Three Other Writers With Thoughts On Ukraine

Monday, 18 July 2022 — Moon of Alabama

Today I will point to three other writers with current thoughts around the war in Ukraine.

Yelensis of Awful Avalanche has fun with the current news from Kiev:

Ukraine War Day #145: Zelensky Surrounded By Traitors And Spies

The big news coming out of the Ukraine this past weekend: Zelensky has fired his Prosecutor-General Irina Venediktova, and also the head of the SBU (Security Agency, successor to Soviet KGB), a man named Ivan Bakanov. Both of whom used to be tight members of Zelensky’s inner circle, especially the latter.

I love the way Zel just casually tossed that out, about Ukie security forces routinely chatting with Russian military intelligence. Russophile blogosphere having a field day, natch! Maria Zakharova trolled Zelensky on Twitter, calling these dismissals “effective de-Nazification” on Zelensky’s part. Other bloggers have compared Zelensky to Stalin, in his paranoia starting to turn against his inner circle. However, to me it doesn’t even seem like paranoia, I think these Ukrainian agencies probably are riddled with Russian spies. Ukrainian government officials are so corrupt, they would do literally anything for money.

With some 35,000 people on staff the SBU is as big as the FBI but controls a 90% smaller population. Next to internal security it is also tasked with fighting economic crimes. It is brutal, utterly corrupt and filled with Russian spies and has been so since the Ukraine became on independent nation. The only correct but dangerous move would be to dissolve it.

With Zel’s inner circle falling apart the clock for his own demise is only ticking faster.

Yves Smith is not impressed with the Ukraine’s ‘success’ in the war.

Russia’s Campaign in Ukraine: Nearing an Inflection Point?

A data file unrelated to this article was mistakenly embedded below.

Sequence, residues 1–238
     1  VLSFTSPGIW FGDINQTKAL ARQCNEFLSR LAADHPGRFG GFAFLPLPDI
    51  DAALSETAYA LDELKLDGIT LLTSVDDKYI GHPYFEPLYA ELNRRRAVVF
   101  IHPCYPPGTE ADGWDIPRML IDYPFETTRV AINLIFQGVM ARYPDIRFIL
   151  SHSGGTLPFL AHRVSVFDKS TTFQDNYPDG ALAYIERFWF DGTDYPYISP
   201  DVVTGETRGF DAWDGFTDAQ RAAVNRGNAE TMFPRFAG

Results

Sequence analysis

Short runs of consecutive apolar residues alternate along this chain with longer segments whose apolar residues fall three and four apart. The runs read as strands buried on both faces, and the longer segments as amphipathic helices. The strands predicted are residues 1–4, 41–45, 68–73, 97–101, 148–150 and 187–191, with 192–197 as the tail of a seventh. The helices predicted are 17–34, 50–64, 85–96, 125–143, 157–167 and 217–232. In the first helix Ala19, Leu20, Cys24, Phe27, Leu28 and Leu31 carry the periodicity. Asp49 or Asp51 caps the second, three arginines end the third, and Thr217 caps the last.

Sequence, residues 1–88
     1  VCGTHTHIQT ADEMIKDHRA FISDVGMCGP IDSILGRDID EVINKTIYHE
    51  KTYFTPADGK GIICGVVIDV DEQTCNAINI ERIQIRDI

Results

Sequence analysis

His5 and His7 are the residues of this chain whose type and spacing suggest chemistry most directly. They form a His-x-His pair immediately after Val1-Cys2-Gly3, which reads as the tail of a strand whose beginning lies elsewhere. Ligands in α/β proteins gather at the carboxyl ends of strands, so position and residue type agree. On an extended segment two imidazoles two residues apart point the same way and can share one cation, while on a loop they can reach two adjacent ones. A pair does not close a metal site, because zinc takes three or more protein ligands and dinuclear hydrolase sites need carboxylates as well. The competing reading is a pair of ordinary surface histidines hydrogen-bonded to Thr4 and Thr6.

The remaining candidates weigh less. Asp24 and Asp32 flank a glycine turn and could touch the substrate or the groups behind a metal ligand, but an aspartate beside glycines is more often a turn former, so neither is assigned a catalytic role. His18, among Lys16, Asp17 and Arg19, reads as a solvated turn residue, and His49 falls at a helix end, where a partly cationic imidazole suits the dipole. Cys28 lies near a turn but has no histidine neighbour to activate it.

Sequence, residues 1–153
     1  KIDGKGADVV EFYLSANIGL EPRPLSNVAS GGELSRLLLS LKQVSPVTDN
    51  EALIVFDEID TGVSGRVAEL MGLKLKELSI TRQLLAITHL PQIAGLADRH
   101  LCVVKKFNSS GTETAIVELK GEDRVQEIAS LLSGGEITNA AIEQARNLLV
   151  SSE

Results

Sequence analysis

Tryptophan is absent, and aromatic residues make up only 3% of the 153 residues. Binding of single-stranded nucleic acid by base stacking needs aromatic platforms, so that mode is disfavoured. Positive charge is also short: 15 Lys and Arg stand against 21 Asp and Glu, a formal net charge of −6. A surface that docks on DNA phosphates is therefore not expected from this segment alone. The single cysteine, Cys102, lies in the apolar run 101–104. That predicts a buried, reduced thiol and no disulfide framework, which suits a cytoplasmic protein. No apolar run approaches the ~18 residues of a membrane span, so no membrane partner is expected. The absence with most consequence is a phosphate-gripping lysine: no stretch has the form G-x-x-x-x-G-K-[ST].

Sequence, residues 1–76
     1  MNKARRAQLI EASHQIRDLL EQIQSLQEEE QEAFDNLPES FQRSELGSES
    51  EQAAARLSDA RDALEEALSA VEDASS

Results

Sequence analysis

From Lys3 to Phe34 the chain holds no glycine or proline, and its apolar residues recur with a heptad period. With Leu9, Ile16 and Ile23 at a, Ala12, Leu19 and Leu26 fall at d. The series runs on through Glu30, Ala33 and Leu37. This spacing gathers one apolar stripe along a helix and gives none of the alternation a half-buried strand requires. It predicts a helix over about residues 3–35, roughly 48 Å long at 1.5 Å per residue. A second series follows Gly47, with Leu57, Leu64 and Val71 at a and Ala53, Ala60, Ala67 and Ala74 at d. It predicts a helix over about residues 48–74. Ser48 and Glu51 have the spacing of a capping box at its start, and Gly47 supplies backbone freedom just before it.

She reviews the current situation and suggest how the war will continue:

Speculation among Western sources that read Russian or have good Russian contacts (see the Larry Johnson-Andrei Martyanov-Alexander Mercouris roundtable, hosted by Gonzalo Lira, as an example) is that Russia will pause after it has secured Donbass and will deliver its conditions for a peace to Ukraine. These are certain to be unacceptable since the bare minimum ask will be conceding the loss of Donbass and Crimea (and let us not forget neutrality and denazification too). The West of course will flatly reject it. That’s fine by Russia since it would not trust any deal with Ukraine or the West as far as it could throw it.

The point of this offer at the point of securing the first objective of the Special Military Operation is to play to China, India, the global South, and secondarily to the more cautious and war-averse members of the Russian citizenry, that Russia going beyond the narrowest implementation of the SMO was not due to Russia wanting to take more territory, but being forced to do so to achieve its additional goals of demilitarization and denazificaition. If Ukraine and its allies won’t do so voluntarily, Russia will by force.